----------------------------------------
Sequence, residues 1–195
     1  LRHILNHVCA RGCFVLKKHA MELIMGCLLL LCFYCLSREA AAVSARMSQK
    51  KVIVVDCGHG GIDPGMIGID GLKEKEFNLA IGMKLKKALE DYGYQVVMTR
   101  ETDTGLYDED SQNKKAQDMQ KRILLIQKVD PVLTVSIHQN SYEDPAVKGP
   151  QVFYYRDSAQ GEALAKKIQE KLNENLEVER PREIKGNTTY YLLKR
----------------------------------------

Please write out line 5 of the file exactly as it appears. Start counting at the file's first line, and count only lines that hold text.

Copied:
   151  QVFYYRDSAQ GEALAKKIQE KLNENLEVER PREIKGNTTY YLLKR